Although the details of his story have shifted repeatedly since accusations were first leveled against him in 1977, Demjanjuk has steadfastly denied that he was ever a guard at a concentration camp. Demjanjuk, who was raised on a farm in Ukraine, says the Germans held him in two POW camps after he was captured during the war and then sent him to fight his former army, the Soviets, with a band of other Ukrainians in Austria.
"What is written here, how could it be me?" Demjanjuk said in one deposition about the charges against him. He did not testify at his trial last year.
Matia said he did not believe Demjanjuk's explanations about where he was and what he did during the war. In a 93-page opinion, the judge cited extensive documentation, some from the Nazis' own macabre records, in concluding that Demjanjuk was guard No. 1393 at Nazi camps in Trawniki, Sobibor, Majdanek and Flossenburg.
"The government has shown by clear, convincing and unequivocal evidence that the defendant assisted in the persecution of civilian populations during World War II," Matia wrote.
Moreover, the judge said that Demjanjuk was a "willing" participant in the death camps, "as he was paid, he was eligible for leave and benefits, and there is no evidence he sought to desert or flee."
Based on these findings, Matia concluded that Demjanjuk had lied about his past and concealed his Nazi involvement when he sought to enter the United States after World War II. He immigrated to the United States in 1952 and became a naturalized citizen in 1958, raising a family in Cleveland and working at a Ford auto plant. Matia said that had Demjanjuk's true past been known, he would never have been allowed into the country.
U.S. officials said they were gratified that their relentless pursuit of Demjanjuk might finally pay off.
"I think [the ruling] is a vindication of the Justice Department's eager pursuit of anybody who came into this country under false pretenses, having served the Nazis in any capacity, as a guard or otherwise," said Assistant Atty. Gen. Michael Chertoff.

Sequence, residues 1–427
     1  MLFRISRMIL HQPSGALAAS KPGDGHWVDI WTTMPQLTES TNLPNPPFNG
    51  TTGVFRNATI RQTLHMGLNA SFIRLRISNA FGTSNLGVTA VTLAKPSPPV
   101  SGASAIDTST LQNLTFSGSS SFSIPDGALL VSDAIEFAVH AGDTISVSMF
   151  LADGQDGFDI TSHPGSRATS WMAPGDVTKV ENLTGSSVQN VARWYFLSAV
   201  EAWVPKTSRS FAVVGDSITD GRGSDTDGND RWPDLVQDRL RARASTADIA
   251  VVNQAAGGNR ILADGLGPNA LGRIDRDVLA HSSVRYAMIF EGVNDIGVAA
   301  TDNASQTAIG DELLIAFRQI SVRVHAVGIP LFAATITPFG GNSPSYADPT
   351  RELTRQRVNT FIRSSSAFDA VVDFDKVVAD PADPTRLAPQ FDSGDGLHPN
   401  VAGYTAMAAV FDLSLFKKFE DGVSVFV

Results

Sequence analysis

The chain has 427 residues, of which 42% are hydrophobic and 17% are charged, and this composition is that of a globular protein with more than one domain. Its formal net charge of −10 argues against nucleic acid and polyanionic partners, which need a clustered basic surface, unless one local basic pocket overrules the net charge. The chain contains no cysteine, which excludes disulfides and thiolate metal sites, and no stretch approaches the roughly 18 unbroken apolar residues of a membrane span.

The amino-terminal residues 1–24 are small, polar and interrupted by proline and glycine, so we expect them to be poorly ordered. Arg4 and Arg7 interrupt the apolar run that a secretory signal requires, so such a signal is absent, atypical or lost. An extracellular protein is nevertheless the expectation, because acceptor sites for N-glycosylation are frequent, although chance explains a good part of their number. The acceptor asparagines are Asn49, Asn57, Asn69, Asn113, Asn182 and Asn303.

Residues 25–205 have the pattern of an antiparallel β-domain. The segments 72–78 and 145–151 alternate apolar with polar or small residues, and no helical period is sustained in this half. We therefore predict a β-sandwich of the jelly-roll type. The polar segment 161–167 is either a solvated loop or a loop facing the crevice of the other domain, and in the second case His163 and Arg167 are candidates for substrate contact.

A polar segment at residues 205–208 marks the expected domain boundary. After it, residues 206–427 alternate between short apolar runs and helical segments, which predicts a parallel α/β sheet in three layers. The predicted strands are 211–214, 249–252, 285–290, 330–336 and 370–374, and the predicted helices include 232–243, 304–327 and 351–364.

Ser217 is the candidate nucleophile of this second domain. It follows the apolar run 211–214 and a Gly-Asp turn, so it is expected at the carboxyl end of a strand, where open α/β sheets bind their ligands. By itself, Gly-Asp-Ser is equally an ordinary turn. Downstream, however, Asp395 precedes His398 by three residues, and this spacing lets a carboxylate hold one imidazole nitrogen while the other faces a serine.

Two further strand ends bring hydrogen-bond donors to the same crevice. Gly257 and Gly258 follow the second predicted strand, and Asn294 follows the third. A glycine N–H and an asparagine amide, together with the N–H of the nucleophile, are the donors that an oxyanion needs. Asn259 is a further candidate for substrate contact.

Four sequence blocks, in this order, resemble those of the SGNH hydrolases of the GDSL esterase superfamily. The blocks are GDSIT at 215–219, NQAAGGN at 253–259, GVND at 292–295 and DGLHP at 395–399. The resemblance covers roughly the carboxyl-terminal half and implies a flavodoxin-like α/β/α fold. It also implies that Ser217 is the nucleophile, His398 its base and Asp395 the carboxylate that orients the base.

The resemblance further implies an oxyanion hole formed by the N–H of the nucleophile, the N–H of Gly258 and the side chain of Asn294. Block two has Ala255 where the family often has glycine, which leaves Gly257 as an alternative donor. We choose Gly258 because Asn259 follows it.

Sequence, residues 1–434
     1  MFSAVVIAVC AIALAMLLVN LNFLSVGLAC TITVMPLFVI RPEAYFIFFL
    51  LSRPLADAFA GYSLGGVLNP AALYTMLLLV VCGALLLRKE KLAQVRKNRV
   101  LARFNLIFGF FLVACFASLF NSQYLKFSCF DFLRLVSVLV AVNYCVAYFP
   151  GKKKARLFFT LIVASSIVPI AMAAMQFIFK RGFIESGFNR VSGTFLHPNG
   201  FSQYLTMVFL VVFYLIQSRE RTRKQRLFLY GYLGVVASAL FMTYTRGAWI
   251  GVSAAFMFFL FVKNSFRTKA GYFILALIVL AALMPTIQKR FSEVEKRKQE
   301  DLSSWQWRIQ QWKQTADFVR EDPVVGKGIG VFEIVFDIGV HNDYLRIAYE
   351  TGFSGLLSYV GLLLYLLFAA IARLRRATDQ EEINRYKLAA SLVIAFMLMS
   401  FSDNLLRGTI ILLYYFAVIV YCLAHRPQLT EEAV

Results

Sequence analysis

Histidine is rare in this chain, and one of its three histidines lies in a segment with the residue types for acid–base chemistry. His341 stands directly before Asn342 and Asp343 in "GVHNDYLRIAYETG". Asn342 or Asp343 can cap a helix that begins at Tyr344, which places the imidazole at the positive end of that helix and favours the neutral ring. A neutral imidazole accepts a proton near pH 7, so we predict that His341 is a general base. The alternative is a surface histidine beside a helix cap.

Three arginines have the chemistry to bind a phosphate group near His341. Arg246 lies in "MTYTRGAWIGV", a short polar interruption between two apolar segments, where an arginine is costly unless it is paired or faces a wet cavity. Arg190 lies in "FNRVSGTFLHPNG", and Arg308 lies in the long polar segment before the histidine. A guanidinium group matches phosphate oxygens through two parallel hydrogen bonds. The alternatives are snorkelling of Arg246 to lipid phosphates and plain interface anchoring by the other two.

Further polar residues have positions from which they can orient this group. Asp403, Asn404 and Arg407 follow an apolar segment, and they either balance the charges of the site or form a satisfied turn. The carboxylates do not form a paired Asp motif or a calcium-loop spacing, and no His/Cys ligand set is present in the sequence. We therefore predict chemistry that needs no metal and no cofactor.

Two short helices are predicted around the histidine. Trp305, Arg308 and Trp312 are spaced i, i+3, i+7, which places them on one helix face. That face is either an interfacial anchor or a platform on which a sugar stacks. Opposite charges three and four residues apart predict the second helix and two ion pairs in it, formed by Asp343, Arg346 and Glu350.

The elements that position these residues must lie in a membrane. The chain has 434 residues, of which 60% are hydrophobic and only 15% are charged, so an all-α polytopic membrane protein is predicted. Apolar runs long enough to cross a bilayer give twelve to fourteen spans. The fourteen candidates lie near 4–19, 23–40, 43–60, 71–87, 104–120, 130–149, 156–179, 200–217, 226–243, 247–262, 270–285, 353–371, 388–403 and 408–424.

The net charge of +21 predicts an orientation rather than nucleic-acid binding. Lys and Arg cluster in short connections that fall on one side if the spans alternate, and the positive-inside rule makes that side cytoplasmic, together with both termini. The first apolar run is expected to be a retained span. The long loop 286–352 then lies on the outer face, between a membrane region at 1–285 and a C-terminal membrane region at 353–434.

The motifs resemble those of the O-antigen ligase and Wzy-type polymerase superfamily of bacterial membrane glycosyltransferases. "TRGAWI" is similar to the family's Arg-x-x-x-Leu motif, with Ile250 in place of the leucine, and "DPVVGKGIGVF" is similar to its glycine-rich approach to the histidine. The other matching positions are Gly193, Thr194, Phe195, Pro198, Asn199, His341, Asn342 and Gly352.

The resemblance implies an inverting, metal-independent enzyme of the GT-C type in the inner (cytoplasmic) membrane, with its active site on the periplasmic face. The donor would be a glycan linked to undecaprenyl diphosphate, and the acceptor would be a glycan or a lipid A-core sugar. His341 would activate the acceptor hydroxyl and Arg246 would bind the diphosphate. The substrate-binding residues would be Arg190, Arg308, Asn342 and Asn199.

But officials acknowledged that with Demjanjuk's family vowing an appeal, it could be years before he is deported.
"Believe me, they're not taking him to the airport yet. It's a long way to go," said Rabbi Marvin Hier, dean and founder of the Los Angeles-based Simon Wiesenthal Center, which has been active in the Demjanjuk case for years. "I must say John Demjanjuk has the luck of the Irish. He's avoided the bar of justice for decades."
The 1979 law authorizing the creation of the Justice Department's Nazi war-hunting unit, the Office of Special Investigations, allows the U.S. government to deport Nazis but not try them for war crimes.
No country has yet come forward to seek Demjanjuk's extradition, but Hier said the Wiesenthal Center will now push to have Demjanjuk deported to Russia, Poland or Israel to stand trial.
Thursday's ruling "is more a slap on the wrist than something real," Hier said. "Yes, he's going to give up a precious document--his citizenship--but he has not yet paid for his crimes."
Demjanjuk is the 67th U.S. citizen to be denaturalized as a result of the work of the Nazi-hunting unit, with 54 people having been removed from the country.